16 August 2013

Reading on the Road: Your homework edition

I'm off to Massachusetts with THE JOURNALS OF JOHN CHEEVER and my hardcover copy of HOTHOUSE (one of 1,000 copies sold this week [sad trombone]) and I'm leaving you lots of things to read and do:

  • Listen to this interview with Ecco editorial director Lee Boudreaux. Try not to swoon when she says that working in publishing is only for those who would spend a whole Saturday reading anyway. 

  • Start spending the millions pennies you will get from the e-book price fixing settlement. I haven't been blogging about this story as much because frankly, it's boring and I'm not even certain the right parties are being targeted in collusion (though clearly, I'm not a lawyer). 
  • Listen to James Wood and Adam Gopnik speculate for the New Yorker on what their kids' biographies about them as writers will have to say... 
  • ...and if you didn't already, go back and read Wood's essay (subscription required) on literary memoirs of bad dads. 
  • Let your heart fill with rage as a British publisher suggests writers should "stop scribbling" for 12 months because there are too many books and not enough people to read them (or something, I couldn't understand because the red mists went over my eyes). Apparently, according to the publishing company he runs, it's okay to keep publishing if you're Yoko Ono though. Maybe he should listen to that Boudreaux interview and then leave his job.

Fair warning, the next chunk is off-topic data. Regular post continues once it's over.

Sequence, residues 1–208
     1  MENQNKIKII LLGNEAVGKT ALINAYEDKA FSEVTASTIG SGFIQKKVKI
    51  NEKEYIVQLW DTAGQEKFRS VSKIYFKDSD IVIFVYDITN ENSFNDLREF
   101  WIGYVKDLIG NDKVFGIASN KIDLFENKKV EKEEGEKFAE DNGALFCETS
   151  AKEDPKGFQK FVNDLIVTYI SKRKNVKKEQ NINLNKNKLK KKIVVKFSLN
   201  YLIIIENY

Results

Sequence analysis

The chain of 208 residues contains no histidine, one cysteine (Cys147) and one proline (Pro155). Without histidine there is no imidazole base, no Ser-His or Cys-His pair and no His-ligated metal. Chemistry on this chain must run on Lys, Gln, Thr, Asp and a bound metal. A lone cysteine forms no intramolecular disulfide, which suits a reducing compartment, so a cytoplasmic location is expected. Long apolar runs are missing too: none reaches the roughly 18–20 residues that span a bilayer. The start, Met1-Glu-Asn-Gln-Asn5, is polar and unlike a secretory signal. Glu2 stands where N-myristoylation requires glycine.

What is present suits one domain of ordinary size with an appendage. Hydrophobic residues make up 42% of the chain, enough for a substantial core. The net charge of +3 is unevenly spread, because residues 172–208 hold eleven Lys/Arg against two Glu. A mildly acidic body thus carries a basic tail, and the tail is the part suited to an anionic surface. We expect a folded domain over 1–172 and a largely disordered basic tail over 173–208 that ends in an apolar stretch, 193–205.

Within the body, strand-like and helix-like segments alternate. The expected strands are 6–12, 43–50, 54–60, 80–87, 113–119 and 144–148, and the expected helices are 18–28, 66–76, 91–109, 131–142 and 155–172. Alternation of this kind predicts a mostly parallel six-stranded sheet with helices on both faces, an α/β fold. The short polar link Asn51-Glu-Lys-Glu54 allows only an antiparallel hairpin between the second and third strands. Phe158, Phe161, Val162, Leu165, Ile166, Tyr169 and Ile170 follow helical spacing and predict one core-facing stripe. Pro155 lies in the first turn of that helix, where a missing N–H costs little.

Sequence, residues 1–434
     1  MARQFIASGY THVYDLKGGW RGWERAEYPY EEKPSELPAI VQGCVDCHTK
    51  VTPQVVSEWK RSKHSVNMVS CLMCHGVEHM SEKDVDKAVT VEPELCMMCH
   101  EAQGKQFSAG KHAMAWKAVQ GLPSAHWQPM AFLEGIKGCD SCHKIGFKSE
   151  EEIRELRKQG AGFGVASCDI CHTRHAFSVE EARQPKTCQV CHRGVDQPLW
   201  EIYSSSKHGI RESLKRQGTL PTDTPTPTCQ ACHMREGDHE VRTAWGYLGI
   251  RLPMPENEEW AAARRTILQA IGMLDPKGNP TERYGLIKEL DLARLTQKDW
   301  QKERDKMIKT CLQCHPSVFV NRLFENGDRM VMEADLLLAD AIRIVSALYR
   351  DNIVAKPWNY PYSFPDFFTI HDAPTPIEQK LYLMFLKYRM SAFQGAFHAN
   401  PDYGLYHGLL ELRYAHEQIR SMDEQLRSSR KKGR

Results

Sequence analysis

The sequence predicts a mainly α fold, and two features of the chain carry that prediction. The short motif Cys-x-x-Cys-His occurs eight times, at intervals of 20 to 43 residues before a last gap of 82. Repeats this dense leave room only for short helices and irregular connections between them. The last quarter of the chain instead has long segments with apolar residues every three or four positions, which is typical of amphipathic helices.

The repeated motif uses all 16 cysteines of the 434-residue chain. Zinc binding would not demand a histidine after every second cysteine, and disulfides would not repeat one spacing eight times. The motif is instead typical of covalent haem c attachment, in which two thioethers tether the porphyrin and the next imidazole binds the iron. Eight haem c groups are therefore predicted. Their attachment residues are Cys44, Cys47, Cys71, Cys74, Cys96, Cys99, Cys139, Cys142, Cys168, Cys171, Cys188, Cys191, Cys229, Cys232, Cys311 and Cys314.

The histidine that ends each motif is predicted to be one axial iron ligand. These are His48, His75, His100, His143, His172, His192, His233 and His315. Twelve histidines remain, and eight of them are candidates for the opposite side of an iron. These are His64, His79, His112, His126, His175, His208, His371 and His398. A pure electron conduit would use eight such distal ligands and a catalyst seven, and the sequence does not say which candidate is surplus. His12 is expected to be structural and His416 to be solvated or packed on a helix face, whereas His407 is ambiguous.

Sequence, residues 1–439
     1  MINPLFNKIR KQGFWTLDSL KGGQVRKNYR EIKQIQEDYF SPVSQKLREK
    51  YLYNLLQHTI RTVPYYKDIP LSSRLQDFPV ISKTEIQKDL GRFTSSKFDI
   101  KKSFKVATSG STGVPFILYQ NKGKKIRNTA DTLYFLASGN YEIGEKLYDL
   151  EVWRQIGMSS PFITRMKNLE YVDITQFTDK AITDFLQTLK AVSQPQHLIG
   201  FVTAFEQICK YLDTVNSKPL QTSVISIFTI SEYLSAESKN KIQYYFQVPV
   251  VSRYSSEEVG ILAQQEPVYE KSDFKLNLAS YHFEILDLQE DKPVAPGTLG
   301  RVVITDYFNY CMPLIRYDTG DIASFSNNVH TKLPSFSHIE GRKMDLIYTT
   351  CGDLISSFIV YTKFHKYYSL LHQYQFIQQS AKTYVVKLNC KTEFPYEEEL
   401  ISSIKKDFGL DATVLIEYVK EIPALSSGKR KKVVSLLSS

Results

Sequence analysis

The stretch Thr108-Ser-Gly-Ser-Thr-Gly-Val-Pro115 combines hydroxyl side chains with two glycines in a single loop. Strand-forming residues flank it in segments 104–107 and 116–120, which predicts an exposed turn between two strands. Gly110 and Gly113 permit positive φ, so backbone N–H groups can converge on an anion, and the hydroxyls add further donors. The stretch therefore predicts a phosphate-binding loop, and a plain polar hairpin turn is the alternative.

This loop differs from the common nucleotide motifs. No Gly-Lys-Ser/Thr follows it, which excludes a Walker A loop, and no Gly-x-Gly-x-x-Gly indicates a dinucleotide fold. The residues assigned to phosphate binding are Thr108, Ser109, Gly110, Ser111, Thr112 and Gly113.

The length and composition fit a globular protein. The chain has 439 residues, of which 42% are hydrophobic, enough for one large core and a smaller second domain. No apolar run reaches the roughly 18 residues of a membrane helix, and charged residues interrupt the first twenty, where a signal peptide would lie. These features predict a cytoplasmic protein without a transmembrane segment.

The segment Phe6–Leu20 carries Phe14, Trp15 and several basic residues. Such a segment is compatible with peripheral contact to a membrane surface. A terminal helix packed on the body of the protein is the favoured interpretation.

D.H. Sayer said...

I am one of those thousand who bought HOTHOUSE! I knew the book was up my alley but now I feel bad for luring it in here, where it is always dark and lonely. (It'll have company next month, when I buy Coover's 1100-page THE BRUNISTS DAY OF WRATH. Anyone else excited for that one?? *crickets*)

That Other People podcast was a good one, and it finally made me hip to the fact that copyeditors and regular editors are actually two different things (have to admit: jaw kinda dropped when Ms. Boudreaux quipped that she wasn't a grammar expert).

Ellen said...

She probably meant "I'm not a grammar expert... in comparison to the professional grammar nerds who work for me in that specific capacity." (Did I just rewrite that sentence so as not to end it on a preposition? No one needs to know!)